Sunday, October 7, 2012
Cargo Ships' Ballast Water Becomes Battleground
The underbellies of cargo ships and their ballast water have become a battleground for environmentalists and shipping businesses throughout the Great Lakes.
Michigan's rigorous treatment standards for ballast water — which most large vessels use as a balancing mechanism when carrying heavy cargo — have caused friction between environmental and industrial interests as legislators consider a proposal that might keep invasive aquatic animals out of the lakes without crippling the state's shipping industry.
A bill sponsored by Sen. Mike Green, R-Mayville, would lessen the standards and allow ships to use ballast water exchange, a method of exchanging freshwater ballast for saltwater ballast without additional treatment. That change would match national and international requirements put in place by the U.S. Coast Guard and the International Maritime Organization.
Bill supporters argue that looser standards would help rebuild the state's shipping industry and allow more seafaring vessels to export Michigan cargo, but environmental activists and some senators are concerned the lowered standards will make the Great Lakes more susceptible to invasive animals.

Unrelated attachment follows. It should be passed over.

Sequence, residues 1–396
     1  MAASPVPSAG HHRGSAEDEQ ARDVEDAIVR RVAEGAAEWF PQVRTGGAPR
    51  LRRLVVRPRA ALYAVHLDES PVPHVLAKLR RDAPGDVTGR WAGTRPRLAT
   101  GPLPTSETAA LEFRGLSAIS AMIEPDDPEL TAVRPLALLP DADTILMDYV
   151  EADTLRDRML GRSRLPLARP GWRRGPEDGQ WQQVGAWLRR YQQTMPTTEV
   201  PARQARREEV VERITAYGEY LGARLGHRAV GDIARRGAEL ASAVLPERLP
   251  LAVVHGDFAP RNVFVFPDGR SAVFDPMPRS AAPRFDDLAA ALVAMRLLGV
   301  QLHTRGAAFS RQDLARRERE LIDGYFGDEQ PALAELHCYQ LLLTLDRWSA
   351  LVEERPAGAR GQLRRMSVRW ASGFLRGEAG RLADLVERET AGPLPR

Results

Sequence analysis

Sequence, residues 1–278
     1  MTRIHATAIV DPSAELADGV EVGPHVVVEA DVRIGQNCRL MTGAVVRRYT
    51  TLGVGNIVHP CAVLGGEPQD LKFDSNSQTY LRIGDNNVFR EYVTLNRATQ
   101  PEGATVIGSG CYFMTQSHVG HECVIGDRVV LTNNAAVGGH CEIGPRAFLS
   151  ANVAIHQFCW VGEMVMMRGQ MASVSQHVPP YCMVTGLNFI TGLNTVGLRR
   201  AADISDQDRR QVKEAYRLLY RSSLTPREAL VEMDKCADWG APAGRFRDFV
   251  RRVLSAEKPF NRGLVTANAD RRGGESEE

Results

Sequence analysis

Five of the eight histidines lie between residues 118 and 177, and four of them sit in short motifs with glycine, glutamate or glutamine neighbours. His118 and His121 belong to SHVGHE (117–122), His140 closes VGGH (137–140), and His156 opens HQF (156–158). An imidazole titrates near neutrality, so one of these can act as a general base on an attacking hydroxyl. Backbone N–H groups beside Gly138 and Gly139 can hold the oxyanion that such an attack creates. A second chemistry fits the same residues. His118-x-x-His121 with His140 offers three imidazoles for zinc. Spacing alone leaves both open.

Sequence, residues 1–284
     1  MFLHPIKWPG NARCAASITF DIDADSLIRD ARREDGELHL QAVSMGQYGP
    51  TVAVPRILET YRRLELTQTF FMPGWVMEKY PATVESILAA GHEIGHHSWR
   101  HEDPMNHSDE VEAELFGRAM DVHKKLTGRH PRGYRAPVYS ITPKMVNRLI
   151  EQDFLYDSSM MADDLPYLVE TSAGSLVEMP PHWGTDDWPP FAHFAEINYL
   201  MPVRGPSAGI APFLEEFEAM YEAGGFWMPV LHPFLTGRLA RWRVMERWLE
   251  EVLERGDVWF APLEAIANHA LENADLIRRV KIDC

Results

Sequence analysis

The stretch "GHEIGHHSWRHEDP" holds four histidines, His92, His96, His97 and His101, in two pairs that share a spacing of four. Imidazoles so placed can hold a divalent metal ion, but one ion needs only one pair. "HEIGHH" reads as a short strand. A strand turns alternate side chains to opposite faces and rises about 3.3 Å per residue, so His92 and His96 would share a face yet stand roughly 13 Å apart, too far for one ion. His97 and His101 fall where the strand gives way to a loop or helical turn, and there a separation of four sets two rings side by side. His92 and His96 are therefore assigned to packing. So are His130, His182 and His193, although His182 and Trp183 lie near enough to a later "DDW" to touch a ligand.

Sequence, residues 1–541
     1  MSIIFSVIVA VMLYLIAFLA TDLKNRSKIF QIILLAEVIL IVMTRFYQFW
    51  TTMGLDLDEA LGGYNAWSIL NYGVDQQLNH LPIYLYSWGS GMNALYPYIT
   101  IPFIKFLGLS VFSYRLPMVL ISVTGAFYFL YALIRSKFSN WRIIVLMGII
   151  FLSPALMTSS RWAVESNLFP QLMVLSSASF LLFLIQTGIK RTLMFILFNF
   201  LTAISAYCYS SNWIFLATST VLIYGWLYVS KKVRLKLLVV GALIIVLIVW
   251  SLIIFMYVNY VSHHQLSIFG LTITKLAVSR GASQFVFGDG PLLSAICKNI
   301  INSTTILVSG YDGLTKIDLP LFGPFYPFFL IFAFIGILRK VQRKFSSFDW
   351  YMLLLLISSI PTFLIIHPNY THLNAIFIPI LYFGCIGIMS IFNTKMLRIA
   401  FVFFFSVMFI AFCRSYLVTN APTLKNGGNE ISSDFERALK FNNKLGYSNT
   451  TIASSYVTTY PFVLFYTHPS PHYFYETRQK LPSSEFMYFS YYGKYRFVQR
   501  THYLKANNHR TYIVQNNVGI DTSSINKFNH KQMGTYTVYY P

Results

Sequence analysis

Historically, ballast water has been one of the main vehicles for transporting invasive species into the lakes, and the current standards were put in place to prevent the onslaught of more invasive species from foreign waters.
Under current Michigan requirements, ballast water must be almost as clean as drinking water — a nearly impossible standard, said Paul LaMarre III, director of the Port of Monroe.
By lowering the standard to internationally accepted levels, he said the state would open itself to more shipping companies that don't have the money to implement costly water cleaning technology, which would be a boon to a hurting industry.
"Michigan standing firm on this legislation does nothing but economically hurt our state," LaMarre said. "Of course we need to be stewards of these great waterways, but we need to take a regional approach to doing that."
The bill would change a 2005 law that imposes rigorous standards on ships carrying ballast water. It's currently before the Senate's Natural Resources, Environment and Great Lakes Committee.
Committee Vice Chair Rebekah Warren, D-Ann Arbor, said she hadn't seen any hard data indicating negative effects on the shipping industry because of the law and currently opposes the legislation.
Michigan Environmental Council policy director James Clift said the danger ballast water poses to the Great Lakes cannot be ignored. Although the proposal would require ballast water exchange, he said some aquatic animals can adapt well in salt water and could make it through the flush.
"It is not going to be good enough for the Great Lakes," Clift said. "Dropping those standards would probably allow more species to establish themselves."
By Lauren Gibbons@record-eagle.com